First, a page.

AUTHOR
essaygo
PUBLISHED ON:
2022年9月26日
PUBLISHED IN:

Question 1-5. Answer True, False or Uncertain. Briefly explain your answer. (each question 4 marks)

1. The lack of double coincidence of wants precludes people from using credit for transactions.
1. Consider stationary allocations in the OLG model of money. Individuals consume the same amount of good when young and when old.
1. The optimal monetary policy in the OLG model of money is to have deflation.
2. In the Lucas price surprise model, a higher growth rate of money supply leads to a lower level of output under nonrandom monetary policy.
1. The Lucas critique indicates that the government can use a random monetary policy to stimulate output.
1. (10 marks) Consider the standard OLG model with money. Individuals are endowed with y units of a perishable consumption good when young and nothing when old. There are N individuals in every generation. Each generation has identical preferences where

u (c1,t, c2,t+1) = c1/21,t + c1/22,t+1. There exists one asset in the economy – money. The money supply grows at a constant rate z, where Mt = zMt1 and z > 1. The new money created is used to finance government purchases of g goods per young individual in every period. The initial old are endowed with M0 units of money. In the following, we focus on stationary allocations.

(a) Find an individual’s budget constraints when young and when old. Combine them to form the individual’s lifetime budget constraint. (2 marks)

(b) Solve for the optimal consumption allocation (c1 , c2) chosen by the individual in a stationary monetary equilibrium. How do (c1 , c2) depend on z? (2 marks)

(c) Find the government budget constraint. Express government purchases g as a function of z and other parameters in the model. (2 marks)

Now instead of being endowed with y units of the consumption good, individuals can supply labour 1,t only when young. That is, the young supply labour 1,t and consume c1,t,but the old can only consume c2,t+1. One unit of labour supply produces one unit of the consumption good. Each generation has identical preferences where

u (c1,t, c2,t+1, ℓ1,t) = c1/21,t + c1/22,t+1 1,t.

(d) Find an individual’s budget constraints when young and when old. Combine them to form the individual’s lifetime budget constraint. (1 mark)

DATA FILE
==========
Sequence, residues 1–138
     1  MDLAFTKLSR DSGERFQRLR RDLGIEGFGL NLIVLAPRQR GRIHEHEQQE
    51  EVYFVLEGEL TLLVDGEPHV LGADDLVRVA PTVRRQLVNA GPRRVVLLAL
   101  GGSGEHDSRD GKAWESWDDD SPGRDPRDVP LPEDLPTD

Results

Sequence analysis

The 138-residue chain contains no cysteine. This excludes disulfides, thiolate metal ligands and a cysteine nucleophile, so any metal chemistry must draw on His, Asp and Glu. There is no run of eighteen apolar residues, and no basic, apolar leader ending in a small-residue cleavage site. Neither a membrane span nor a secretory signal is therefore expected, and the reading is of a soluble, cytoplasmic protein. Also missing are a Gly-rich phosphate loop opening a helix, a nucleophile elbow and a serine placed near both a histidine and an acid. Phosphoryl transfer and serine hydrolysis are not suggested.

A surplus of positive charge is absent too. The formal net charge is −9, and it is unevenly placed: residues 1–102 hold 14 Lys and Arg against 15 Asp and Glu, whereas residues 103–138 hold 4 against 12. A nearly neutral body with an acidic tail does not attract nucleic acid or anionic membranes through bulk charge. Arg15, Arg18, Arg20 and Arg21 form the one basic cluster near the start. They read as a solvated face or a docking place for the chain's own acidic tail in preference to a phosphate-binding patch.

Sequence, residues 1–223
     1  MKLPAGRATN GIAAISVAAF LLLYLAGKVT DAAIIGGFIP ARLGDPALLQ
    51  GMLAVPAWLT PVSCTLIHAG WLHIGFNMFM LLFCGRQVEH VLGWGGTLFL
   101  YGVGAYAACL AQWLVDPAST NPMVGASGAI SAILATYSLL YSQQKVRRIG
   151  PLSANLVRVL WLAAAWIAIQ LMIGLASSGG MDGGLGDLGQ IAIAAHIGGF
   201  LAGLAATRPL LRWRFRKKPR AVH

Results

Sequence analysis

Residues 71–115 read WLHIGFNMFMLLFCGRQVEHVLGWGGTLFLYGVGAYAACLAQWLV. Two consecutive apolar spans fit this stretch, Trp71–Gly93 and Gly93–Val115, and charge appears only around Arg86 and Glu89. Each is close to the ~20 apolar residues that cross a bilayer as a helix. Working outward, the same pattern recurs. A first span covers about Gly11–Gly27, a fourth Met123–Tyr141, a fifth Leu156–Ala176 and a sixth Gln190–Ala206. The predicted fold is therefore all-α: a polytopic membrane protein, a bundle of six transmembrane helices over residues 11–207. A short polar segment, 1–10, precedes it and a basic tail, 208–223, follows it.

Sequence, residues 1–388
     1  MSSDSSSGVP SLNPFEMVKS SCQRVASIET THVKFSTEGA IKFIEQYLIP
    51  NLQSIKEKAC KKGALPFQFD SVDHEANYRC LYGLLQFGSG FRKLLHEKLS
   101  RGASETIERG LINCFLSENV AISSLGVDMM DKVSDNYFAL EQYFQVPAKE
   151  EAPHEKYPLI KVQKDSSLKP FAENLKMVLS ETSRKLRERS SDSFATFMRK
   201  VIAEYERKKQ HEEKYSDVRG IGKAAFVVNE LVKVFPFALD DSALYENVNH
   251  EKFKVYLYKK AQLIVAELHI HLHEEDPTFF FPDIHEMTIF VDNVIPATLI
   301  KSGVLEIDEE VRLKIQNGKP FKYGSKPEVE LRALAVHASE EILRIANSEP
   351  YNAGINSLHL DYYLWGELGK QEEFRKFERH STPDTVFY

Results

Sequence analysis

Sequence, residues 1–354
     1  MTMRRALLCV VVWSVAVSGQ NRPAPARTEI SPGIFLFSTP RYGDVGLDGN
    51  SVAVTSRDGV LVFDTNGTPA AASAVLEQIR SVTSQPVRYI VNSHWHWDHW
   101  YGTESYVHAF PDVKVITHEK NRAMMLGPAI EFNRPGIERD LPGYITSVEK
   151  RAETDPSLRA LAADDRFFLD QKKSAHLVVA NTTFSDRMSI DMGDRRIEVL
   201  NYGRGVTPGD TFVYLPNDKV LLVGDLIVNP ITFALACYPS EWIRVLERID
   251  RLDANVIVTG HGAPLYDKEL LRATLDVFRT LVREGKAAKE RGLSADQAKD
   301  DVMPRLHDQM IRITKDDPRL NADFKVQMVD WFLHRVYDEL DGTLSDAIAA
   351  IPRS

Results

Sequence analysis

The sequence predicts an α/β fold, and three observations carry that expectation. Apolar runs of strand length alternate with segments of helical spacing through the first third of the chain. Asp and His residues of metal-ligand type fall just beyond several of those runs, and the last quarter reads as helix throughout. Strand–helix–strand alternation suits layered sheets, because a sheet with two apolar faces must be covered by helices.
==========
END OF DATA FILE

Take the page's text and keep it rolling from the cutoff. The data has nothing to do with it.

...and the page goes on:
(e) Solve for the optimal consumption and labour supply (c1 , c2, ℓ1 ) chosen by the individual in a stationary monetary equilibrium. (2 marks)

(f) How do (c1 , c2) depend on z? How does 1 depend on z? Briefly explain the intuition for your answer. (1 mark)

1. (10 marks) Consider the OLG model that we develop in class. There are N people in every generation. Each individual is endowed with y units of goods when young and nothing when old. Suppose that monetary authority prints fiat money at the rate z but now does not distribute the newly printed money as a lump-sum transfer to the old. Instead, the government distributes the newly printed money by giving each old individual new dollars for each dollar acquired when young.

(a) Use the government budget constraint to find α as a function of z. (2 marks)

(b) Write down the individual’s budget constraints when young and old. Combine them to form the individual’s lifetime budget constraint. (2 marks)

(c) What is the inflation rate pt+1/pt? What is the real rate of return on fiat money? (2 marks)

(d) Graph the stationary monetary equilibrium. Carefully label the axes and the optimal allocation. (1 mark)

(e) Write down the resource constraint faced by a planner. (1 marks)

(f) Compare the individual’s lifetime budget constraint with the resource constraint.

Demonstrate that the monetary equilibrium satisfies the golden rule allocation regardless of the rate of inflation. Explain why inflation does not induce individuals to reduce their real balances of money in this case. (2 marks)

1. (10 marks) Figure 7.1 and Figure 7.2 in Chapter 7 show the correlation between inflation and unemployment in the US in different periods of time. Using the OECD database (https://data.oecd.org/), find quarterly data on the inflation rate (CPI based) and the unemployment rate for Australia. Plot the correlation between inflation and unemployment for the following four decades: 1970-1979, 1980-1989, 1990-1999, 2000-2009. Please use the unemployment rate as the x-axis and the inflation rate as the y-axis in your plots. Add a trendline in each of your plot.

(a) In which decade(s) can we observe a positive correlation between inflation and unemployment? In which decade(s) can we observe a negative correlation between inflation and unemployment? (4 marks)

(b) Briefly provide one theory that can rationalize the negative correlation between inflation and unemployment. (3 marks)

(c) Briefly provide one theory that can rationalize the positive correlation between inflation and unemployment. (3 marks)

You may also like:
2022年11月25日 作业代写

2022年11月22日 作业代写